8 Strategies for Dealing with an Ex- with ADHD

Helping children adjust from one household to another in divorcé is difficult and now add ADHD in one parent. Here are eight things you can do when your ex has ADHD.
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As challenging as it was when you were married to your ex with ADHD, at least when you were married you could manage things and hopefully that meant compensating for your ex's ADHD difficulties. Trying to manage your children's belongings and schedule when they are with your ex who has ADHD can make the problem exponentially worse. A person with ADHD -- attention deficit hyperactivity disorder -- struggles with how to organize and manage the components of their life such as belongings and their schedule. It really helps if your ex is aware of their limits, uses compensatory strategies and accepts your help and help from others. But what if they don't?

There is no getting around the reality that if you have an uncooperative ex with ADHD that complicates logistical aspect of being divorced with children even more than is typical. Everyday life events such as keeping track of belongings, and making sure your kids are on for their activities become complicated ordeals. Sports equipment gets lost, homework doesn't get turned in, kids are late for activities and birthday parties are attended without presents; making you feel like a failure. In short, life can be quite chaotic for a child living with an ADHD parent in a divorce situation, making your life chaos too.

Helping children adjust from one household to another in divorcé is difficult and now add ADHD in one parent. Here are eight things you can do when your ex has ADHD:

1. If possible have separate items for each household.

Nothing is more frustrating that having your children arrive back from visitation with an ex with one or more of their essential belongings missing. Often times in these situations children want to compensate for their parent with ADHD and feel that they have of make excuses. As a result not only do you not have all their belongings, they begin to learn to the unhealthy habit of defending one parent to another "It's not mom's fault that I forgot my soccer cleats" a child may say for example. Being a child and living out of suitcase during visitation is too hard to manage without significant parent monitoring and oversight. Thus, having separate items belonging to individual households ensures that your child will always have what they need. When you know in advance that your ex has ADHD, make it part of an overall divorce agreement to have separate items in each home for your child;this is more difficult to enforce after your divorce.

2. When your child does arrive back home without all their stuff, keep cool and realize it's frustrating but it's not worth blowing up over in front of your child.

They already feel bad because they think they let you down. Getting angry at them only makes it harder. Have a backup plan where you ask your ex to make another trip to bring what they forgot or sometimes it may be easier to just get it yourself. Sometimes that's all you can do; accept the reality and make the best of it.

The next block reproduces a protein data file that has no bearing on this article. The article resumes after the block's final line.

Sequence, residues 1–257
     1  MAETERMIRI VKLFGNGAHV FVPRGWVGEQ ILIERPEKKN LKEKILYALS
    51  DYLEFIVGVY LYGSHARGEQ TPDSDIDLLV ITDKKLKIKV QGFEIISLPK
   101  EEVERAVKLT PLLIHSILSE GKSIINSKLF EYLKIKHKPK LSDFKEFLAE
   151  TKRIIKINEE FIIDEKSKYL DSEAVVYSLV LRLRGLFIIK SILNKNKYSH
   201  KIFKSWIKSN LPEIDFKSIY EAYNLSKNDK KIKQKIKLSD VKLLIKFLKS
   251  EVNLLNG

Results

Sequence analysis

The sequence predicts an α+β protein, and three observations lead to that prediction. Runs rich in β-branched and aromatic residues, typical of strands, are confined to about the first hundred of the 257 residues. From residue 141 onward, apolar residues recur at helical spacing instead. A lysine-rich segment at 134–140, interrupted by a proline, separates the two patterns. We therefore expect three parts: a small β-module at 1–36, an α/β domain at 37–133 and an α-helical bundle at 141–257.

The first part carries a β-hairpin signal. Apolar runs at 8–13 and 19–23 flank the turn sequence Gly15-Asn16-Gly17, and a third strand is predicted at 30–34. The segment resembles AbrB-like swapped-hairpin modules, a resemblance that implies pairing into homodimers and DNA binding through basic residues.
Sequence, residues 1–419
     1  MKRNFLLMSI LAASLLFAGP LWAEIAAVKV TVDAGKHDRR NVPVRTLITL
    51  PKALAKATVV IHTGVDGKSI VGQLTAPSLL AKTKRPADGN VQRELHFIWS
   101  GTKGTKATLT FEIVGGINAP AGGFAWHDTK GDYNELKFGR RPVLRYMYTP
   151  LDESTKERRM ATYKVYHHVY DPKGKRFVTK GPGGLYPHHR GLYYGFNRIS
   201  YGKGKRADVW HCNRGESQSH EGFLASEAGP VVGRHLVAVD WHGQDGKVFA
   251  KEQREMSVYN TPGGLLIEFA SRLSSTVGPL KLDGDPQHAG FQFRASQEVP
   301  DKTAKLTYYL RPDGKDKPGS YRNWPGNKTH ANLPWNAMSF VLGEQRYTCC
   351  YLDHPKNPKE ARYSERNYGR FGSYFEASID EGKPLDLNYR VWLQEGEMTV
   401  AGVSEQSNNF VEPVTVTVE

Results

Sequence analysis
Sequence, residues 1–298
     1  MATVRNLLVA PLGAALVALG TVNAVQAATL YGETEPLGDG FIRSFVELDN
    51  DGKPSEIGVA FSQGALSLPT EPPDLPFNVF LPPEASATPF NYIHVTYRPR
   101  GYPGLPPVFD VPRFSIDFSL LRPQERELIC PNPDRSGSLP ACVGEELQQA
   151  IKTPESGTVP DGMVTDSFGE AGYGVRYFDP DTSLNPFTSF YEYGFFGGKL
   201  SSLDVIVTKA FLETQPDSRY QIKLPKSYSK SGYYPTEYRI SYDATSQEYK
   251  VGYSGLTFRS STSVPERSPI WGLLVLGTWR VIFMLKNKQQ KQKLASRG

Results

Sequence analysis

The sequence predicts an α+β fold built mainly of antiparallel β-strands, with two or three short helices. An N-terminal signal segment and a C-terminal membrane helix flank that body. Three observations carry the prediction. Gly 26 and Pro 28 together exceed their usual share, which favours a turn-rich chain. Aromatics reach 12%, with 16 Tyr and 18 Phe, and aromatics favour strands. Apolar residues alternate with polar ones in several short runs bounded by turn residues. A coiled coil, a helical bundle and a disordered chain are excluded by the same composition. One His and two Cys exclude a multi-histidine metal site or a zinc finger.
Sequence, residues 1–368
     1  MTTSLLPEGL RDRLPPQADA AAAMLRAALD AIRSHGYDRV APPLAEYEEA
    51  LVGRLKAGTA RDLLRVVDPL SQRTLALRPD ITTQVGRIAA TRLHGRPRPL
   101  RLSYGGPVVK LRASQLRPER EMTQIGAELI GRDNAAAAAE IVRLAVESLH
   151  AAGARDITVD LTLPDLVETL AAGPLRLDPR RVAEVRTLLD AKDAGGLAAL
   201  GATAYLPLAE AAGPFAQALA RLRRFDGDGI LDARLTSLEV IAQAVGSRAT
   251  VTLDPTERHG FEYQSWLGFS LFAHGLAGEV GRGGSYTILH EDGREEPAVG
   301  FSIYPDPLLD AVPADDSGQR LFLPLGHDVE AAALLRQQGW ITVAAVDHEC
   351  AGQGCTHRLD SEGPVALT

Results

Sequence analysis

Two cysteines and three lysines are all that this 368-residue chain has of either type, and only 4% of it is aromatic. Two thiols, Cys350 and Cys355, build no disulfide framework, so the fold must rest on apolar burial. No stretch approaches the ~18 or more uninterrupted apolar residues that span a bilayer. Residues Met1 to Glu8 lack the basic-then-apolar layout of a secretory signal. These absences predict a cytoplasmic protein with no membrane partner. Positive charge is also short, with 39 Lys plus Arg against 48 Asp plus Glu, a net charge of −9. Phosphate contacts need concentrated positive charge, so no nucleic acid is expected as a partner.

3. If you can't convince your ex to have a separate set of items at their house then minimize the amount of items going back-and-forth and limit what your children take with them when they do their visitation.

If your ex wants to have more than what you send than they can purchase more. Recognize that the more you send, the more they will have to keep track of and the less likely you're going to get everything back. A lot of belongings are difficult for people with ADHD to manage so keep it simple.

4. Have a laminated list of items that are with your kids during their visitation and once they can read encourage them to compare their items to the list before they return home.

If they have sports equipment that they need they may be more motivated to use this strategy.

5. On the weekends that your children are with your ex and they have sports games, send your ex an email in advance reminding them of the times of the games and practices and their location.

Children ages eight and up can start to develop some independence and can be responsible for reminding your ex of the schedule and helping keep track when they're at your ex's house.

6. Homework will be a challenge when your ex has ADHD.

If possible do the homework at your house. If not, enlist the school's help. Most schools will provide duplicate copies of assignments to children living in two households and helps when things get lost at your ex's house. Don't be afraid to communicate with the school about the reality of the situation; sometimes students can do their homework at school.

7. Recognize the burden of management will be on you regardless of whether you are married because you still share the children and the responsibilities of parenting.

Know that when you have a highly structured and organized environment, your children will learn these skills and be able to use them as they get older to help with management at your ex's house.

8. Do the best you can and share this sentiment with your children.

A person with ADHD isn't trying to be difficult and disorganized. I know because I have ADHD myself! Change and organization occurs when people use strategies that make life more manageable despite the ADHD. If an ex won't get help keeping organized, the people around them don't have to participate in the chaos, and this includes the children!

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